I agree that child protection workers should not be bullied into reunifying children with parents who are not working hard to change the conditions that led to the removal of their children (“Legislature passes LePage’s package of reforms to Maine’s child protection system,” Aug. 30).

However, when the removal happens, the investigation shows a parent making every effort to improve, and there is evidence of the improvement, then it should be considered when deciding whether to reunify children with their family. Often, when the state gets involved, they take a mostly sneaky and aggressive stance against the parent, especially if that parent has a mental health issue.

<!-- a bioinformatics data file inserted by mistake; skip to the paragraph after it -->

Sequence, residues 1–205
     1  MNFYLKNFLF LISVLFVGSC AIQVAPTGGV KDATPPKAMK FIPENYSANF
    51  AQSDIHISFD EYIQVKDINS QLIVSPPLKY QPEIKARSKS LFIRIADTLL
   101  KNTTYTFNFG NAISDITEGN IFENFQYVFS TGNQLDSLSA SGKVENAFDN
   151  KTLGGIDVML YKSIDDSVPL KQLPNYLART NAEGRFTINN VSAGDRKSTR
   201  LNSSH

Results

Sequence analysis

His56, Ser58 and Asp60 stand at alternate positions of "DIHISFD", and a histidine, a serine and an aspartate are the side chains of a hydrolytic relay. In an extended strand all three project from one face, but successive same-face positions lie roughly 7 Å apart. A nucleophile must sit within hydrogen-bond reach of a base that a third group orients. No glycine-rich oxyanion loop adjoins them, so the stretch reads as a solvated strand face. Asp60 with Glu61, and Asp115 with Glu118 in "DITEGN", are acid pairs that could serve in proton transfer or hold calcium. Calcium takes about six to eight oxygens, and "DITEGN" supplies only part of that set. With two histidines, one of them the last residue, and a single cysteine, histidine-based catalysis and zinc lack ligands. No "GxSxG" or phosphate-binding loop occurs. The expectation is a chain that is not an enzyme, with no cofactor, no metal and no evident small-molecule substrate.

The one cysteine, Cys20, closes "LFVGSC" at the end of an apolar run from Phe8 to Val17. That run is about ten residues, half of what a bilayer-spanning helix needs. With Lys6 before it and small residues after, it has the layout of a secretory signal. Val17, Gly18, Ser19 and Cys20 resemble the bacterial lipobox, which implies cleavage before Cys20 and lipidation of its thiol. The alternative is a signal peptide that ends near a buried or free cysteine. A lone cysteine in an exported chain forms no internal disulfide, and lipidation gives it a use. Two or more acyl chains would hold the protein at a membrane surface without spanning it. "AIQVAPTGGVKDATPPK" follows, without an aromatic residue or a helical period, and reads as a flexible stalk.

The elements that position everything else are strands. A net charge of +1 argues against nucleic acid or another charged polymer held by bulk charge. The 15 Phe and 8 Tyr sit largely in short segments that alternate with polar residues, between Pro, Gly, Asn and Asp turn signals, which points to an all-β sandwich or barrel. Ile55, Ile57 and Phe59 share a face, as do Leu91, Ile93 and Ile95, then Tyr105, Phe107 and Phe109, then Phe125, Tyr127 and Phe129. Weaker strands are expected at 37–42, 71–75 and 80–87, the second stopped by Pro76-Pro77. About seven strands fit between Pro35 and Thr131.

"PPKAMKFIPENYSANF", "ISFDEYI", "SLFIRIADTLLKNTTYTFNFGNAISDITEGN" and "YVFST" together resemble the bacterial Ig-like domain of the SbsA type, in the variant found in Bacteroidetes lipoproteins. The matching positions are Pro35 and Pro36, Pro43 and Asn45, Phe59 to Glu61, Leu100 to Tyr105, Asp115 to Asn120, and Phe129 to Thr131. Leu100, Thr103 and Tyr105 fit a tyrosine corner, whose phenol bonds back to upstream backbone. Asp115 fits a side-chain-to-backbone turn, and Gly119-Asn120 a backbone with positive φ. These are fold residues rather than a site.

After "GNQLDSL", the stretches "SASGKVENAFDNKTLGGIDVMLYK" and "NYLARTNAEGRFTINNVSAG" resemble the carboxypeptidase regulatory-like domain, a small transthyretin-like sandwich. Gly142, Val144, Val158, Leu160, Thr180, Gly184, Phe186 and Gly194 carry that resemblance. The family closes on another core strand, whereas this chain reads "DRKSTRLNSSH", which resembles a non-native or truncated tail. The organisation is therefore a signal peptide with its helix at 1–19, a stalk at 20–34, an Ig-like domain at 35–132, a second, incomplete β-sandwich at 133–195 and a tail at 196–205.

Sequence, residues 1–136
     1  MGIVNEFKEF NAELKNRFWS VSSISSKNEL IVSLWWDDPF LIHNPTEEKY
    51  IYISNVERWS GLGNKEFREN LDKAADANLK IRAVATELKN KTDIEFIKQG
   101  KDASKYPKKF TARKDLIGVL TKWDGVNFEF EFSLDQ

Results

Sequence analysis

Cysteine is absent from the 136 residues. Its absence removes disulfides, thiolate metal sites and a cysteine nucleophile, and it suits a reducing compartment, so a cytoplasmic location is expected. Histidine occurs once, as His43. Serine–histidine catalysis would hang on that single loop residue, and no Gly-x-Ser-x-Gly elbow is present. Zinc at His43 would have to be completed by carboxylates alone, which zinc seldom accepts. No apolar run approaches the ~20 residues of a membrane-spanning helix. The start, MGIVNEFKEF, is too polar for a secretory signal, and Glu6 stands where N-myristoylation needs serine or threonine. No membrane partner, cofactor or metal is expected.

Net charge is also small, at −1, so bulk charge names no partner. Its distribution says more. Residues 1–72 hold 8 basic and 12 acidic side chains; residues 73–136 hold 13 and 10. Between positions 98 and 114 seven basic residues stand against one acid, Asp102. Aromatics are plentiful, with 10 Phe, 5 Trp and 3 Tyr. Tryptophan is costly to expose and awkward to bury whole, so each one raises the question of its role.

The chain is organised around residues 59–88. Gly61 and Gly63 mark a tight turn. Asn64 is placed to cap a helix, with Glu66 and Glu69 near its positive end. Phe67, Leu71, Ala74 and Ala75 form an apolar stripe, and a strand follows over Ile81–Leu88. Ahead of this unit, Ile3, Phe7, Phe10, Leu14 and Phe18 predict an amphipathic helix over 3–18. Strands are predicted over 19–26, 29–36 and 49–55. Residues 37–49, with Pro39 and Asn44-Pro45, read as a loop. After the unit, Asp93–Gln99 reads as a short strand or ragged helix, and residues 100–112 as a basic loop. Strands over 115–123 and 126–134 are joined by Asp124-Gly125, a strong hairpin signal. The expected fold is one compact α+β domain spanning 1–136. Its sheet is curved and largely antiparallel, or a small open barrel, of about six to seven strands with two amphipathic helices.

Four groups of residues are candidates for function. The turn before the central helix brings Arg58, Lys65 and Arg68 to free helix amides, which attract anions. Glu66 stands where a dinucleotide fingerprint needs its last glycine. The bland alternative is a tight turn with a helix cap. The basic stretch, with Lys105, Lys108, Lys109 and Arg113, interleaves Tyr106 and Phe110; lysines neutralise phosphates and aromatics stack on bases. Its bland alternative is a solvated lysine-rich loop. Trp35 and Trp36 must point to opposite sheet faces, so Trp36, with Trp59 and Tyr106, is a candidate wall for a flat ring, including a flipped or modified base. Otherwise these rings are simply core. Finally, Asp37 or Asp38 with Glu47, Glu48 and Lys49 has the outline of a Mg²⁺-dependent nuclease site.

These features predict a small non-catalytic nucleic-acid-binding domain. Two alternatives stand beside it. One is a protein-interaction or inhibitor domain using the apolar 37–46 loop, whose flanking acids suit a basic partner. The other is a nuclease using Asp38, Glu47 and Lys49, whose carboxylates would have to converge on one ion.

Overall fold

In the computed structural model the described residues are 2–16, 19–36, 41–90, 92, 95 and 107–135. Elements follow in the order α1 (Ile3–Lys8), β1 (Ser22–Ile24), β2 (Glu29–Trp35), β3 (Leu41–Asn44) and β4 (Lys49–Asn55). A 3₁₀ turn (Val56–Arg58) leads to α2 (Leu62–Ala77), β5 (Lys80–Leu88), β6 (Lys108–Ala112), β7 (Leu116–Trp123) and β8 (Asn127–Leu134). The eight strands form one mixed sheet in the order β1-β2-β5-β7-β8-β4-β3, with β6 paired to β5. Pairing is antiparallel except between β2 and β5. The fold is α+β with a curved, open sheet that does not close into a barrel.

If after two years of services, and a successful turn around in the ability to make good decisions regarding the child, the state still has “concerns,” this recently passed bill will make it easier for them to deny reunification. They can keep children from poor families who can’t afford an expensive attorney. I am shaking my head and wondering where are the checks and balances on an organization that is largely seen as already untouchable?

Irene Blodgett


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